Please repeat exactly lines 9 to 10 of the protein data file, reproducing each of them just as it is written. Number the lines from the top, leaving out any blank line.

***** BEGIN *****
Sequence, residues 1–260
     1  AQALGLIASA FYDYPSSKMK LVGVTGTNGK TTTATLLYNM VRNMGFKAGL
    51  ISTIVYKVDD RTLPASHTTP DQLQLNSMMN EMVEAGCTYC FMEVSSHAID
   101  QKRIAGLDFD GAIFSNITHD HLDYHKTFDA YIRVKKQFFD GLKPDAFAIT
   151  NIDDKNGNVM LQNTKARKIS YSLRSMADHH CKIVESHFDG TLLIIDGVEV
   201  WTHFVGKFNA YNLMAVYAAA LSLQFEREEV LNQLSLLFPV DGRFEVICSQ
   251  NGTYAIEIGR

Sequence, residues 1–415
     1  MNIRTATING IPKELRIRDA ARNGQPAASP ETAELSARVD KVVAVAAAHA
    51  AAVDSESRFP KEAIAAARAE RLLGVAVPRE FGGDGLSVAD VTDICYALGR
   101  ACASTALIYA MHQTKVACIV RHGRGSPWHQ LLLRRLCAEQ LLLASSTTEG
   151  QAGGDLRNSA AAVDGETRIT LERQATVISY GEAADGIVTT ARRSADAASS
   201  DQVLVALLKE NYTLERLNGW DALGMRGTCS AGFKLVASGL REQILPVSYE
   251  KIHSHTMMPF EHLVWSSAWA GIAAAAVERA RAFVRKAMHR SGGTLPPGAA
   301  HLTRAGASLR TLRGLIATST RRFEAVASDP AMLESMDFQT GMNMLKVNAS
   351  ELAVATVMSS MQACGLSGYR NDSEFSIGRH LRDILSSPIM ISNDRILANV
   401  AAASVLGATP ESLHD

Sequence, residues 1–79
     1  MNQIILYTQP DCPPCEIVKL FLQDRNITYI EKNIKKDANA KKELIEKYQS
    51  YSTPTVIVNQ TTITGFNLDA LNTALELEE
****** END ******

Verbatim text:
     1  MNIRTATING IPKELRIRDA ARNGQPAASP ETAELSARVD KVVAVAAAHA
    51  AAVDSESRFP KEAIAAARAE RLLGVAVPRE FGGDGLSVAD VTDICYALGR